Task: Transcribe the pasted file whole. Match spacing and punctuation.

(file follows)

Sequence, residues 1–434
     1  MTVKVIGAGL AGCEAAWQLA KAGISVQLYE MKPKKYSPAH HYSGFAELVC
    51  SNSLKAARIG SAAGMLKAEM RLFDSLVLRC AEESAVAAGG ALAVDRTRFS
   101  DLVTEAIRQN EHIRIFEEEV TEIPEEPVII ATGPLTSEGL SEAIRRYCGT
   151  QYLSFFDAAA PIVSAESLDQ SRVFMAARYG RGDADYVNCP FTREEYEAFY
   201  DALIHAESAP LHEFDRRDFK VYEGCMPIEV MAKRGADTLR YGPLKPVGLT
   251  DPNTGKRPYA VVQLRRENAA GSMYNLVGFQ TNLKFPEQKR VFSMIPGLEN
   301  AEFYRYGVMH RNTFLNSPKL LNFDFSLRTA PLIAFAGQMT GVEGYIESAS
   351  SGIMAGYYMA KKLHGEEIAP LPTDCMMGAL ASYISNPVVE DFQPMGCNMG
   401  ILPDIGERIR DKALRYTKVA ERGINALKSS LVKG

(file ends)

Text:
Sequence, residues 1–434
     1  MTVKVIGAGL AGCEAAWQLA KAGISVQLYE MKPKKYSPAH HYSGFAELVC
    51  SNSLKAARIG SAAGMLKAEM RLFDSLVLRC AEESAVAAGG ALAVDRTRFS
   101  DLVTEAIRQN EHIRIFEEEV TEIPEEPVII ATGPLTSEGL SEAIRRYCGT
   151  QYLSFFDAAA PIVSAESLDQ SRVFMAARYG RGDADYVNCP FTREEYEAFY
   201  DALIHAESAP LHEFDRRDFK VYEGCMPIEV MAKRGADTLR YGPLKPVGLT
   251  DPNTGKRPYA VVQLRRENAA GSMYNLVGFQ TNLKFPEQKR VFSMIPGLEN
   301  AEFYRYGVMH RNTFLNSPKL LNFDFSLRTA PLIAFAGQMT GVEGYIESAS
   351  SGIMAGYYMA KKLHGEEIAP LPTDCMMGAL ASYISNPVVE DFQPMGCNMG
   401  ILPDIGERIR DKALRYTKVA ERGINALKSS LVKG